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Your Netgear router may expose your password if you don’t update its firmware

Netgear acknowledges router vulnerability, urges firmware updates

netgear routers suffer password vulnerability nighthawk ac  router top
Bill Roberson/Digital Trends
Why it matters to you

Another vulnerability identified in Netgear routers serves as a reminder to make sure the firmware is updated on all of your internet-connected devices.

The security of internet infrastructure devices like routers and wireless access points, along with all kinds of devices that connect through them, has been of particular concern lately. Recent distributed denial of service (DDoS) attacks have originated in Internet of Things (IoT) devices, for example, and a slowdown in such issues doesn’t seem imminent.

Although Netgear recently released firmware updates to resolve a malicious link exploit in its line of internet routers, yet another issue remains to be tackled. This time around, it’s a vulnerability that can expose the administrator password in certain Netgear routers, as Tom’s Hardware reports.

According to security firm Trustwave, Netgear routers have actually suffered from a couple of security vulnerabilities since April 2016. Although Netgear was contacted by Trustwave on a number of occasions during the ensuing nine months, Netgear didn’t provide a direct response although it did eventually issue a security bulletin covering the issue.

As researcher Simon Kenin indicated on the Trustwave blog Monday, the vulnerability is simple enough that even someone with limited programming skills can exploit it. Kenin describes the bugs as such: “After few trials and errors trying to reproduce the issue, I found that the very first call to passwordrecovered.cgi will give out the credentials no matter what the parameter you send. This is   a totally new bug that I haven’t seen anywhere else. When I tested both bugs on different Netgear models, I found that my second bug works on a much wider range of models.”

The two bugs require either physical access to a router or remote access to be turned on. According to Trustwave’s analysis, at least 10,000, and likely hundreds of thousands or even millions of devices, are potentially vulnerable. For Netgear’s part, the company did issue an advisory in June, along with a workaround for the issue, and has since released firmware updates to resolve it.

Netgear subsequently reached out to us with a statement on the issue. Here it is in its entirety:

“NETGEAR is aware of the vulnerability (CVE-2017-5521), that has been recently publicized by TrustWave. This is not a new or recent development. We have been working with the security analysts to evaluate the vulnerability from the time they first contacted us.  After being notified of the vulnerability in April, we released the first batch of fixes in June and prioritized the products based on the greatest number of customers or shipments.  Since that time we have continued to release fixes for the remaining products, most of which are older obsolete products with a smaller install base, although it is important to note that we notified users of workarounds for all affected products contemporaneously with the first batch of fixes in June, so no one would be vulnerable pending the remaining fixes.  NETGEAR has published a knowledge base article from our support page, which lists the affected routers and the available firmware fixes.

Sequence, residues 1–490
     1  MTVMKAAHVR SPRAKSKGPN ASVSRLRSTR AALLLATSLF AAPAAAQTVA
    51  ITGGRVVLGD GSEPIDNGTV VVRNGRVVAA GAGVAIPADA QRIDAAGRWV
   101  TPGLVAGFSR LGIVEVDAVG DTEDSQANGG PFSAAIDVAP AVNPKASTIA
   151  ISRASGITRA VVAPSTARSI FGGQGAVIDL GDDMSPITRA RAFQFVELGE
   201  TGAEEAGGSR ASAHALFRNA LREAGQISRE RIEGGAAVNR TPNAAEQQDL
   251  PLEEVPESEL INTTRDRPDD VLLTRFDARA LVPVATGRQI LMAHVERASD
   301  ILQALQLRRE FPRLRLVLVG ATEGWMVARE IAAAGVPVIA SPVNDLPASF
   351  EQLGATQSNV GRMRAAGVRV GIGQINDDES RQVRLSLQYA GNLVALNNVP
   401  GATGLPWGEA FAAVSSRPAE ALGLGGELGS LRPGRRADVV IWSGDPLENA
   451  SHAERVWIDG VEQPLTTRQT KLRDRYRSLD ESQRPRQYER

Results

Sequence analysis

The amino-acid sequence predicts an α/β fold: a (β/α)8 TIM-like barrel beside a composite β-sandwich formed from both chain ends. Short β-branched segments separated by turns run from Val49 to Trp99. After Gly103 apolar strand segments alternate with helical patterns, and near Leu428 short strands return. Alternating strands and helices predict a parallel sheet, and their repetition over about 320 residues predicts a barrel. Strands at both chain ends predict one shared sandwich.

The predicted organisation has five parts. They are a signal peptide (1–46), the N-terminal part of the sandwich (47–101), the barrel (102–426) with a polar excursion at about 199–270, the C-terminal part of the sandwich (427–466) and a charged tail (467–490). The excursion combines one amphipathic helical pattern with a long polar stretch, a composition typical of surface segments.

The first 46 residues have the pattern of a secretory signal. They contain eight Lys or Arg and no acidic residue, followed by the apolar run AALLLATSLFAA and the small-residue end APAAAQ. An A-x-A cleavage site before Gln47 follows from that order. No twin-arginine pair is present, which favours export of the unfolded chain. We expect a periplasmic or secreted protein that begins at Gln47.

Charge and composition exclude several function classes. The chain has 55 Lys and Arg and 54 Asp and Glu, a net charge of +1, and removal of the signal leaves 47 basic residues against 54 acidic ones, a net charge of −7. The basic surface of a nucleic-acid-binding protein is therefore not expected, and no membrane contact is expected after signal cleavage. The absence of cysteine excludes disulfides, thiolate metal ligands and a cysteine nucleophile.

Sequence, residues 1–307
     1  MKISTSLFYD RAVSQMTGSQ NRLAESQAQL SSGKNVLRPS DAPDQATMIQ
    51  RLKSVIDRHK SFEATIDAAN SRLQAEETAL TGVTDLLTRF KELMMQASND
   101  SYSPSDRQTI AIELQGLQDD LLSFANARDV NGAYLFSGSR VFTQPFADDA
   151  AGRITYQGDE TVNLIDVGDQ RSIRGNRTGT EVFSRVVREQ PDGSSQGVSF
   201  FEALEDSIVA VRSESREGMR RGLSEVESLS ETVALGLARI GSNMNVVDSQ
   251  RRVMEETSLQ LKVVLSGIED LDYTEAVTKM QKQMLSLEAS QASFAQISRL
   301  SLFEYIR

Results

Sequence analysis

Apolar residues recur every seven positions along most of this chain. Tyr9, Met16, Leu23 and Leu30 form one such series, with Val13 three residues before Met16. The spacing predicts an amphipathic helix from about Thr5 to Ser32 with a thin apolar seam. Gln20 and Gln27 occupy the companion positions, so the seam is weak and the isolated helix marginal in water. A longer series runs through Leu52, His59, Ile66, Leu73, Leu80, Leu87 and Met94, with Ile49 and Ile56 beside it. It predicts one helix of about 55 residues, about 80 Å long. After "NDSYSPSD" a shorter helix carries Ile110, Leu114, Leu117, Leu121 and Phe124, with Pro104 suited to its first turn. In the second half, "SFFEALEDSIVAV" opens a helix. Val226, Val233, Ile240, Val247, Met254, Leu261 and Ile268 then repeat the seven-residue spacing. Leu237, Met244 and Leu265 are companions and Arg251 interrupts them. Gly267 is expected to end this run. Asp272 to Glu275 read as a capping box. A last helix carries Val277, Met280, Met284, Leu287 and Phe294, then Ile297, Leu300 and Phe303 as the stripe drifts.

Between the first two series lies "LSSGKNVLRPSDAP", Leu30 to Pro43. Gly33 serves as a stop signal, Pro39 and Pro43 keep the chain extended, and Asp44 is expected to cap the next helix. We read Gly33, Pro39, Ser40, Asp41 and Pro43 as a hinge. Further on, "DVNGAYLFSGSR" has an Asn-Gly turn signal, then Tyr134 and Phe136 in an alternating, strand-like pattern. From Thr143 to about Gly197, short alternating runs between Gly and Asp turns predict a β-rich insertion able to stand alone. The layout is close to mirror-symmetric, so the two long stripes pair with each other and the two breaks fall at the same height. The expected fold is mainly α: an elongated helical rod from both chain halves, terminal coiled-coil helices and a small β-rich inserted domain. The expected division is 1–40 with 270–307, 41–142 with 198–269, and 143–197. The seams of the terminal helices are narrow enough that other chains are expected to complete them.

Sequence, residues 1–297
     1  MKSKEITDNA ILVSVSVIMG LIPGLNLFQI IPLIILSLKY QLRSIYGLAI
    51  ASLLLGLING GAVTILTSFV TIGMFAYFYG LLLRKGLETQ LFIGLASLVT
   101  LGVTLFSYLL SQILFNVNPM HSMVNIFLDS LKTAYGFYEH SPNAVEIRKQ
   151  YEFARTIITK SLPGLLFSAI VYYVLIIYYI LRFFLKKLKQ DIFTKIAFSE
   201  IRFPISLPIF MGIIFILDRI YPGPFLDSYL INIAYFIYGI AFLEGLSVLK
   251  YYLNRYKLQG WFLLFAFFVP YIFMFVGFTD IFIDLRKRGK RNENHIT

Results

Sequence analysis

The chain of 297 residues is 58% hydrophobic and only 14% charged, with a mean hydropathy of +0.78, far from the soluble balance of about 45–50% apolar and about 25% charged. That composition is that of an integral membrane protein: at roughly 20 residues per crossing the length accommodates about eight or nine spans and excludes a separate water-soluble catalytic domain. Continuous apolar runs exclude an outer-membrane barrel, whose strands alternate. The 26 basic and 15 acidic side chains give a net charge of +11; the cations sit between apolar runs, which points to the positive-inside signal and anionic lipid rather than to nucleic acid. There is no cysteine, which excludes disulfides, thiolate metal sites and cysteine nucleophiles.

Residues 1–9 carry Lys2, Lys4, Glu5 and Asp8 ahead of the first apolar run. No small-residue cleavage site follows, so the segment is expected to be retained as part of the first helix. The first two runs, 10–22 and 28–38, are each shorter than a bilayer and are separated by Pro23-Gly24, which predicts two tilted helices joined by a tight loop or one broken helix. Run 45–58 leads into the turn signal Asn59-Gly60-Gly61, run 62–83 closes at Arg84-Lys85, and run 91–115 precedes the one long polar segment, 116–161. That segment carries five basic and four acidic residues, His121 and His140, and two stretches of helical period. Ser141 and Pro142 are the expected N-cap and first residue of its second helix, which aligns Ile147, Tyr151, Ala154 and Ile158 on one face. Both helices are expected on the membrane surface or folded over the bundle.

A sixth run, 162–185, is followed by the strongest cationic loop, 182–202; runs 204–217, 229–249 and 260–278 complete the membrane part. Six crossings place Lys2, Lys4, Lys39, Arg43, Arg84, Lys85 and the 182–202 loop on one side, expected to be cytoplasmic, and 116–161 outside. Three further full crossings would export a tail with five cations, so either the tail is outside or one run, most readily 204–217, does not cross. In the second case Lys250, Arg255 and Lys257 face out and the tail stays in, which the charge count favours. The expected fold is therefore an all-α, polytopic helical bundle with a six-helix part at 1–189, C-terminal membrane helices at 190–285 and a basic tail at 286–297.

Firmware fixes are currently available for the majority of the affected devices. To download the firmware release that fixes the password recovery vulnerability, click the link for the model and visit the firmware release page for further instructions. For devices that are still pending final firmware updates, please continue employing the advised work around, which for most users requires no action to be taken.

Please note that this vulnerability occurs only if an attacker has access to the internal network, which requires close physical proximity plus WiFi password access, or when remote management is enabled on the router. Our routers are shipped from the factory with remote management turned off by default and can only be turned on through the advanced settings, so unless you have affirmatively enabled remote management on your router, no further action is required.

NETGEAR does appreciate and value having security concerns brought to our attention. We constantly monitor for both known and unknown threats. Being pro-active rather than re-active to emerging security issues is fundamental for product support at NETGEAR.

It is NETGEAR’s mission to be the innovative leader in connecting the world to the internet. To achieve this mission, we strive to earn and maintain the trust of those that use NETGEAR products for their connectivity.”

The bottom line, as usual, remains the same: Ensure that your router is fully updated with the latest firmware and that you have turned off all unnecessary features — such as remote access capability — that could open your network up for attack. Conducting research on which internet-connected devices are considered secure should also be added to the list of specifications when making a purchase.

Story originally published in January 2017. Updated on 02-01-2017 by Mark Coppock: Added Netgear statement.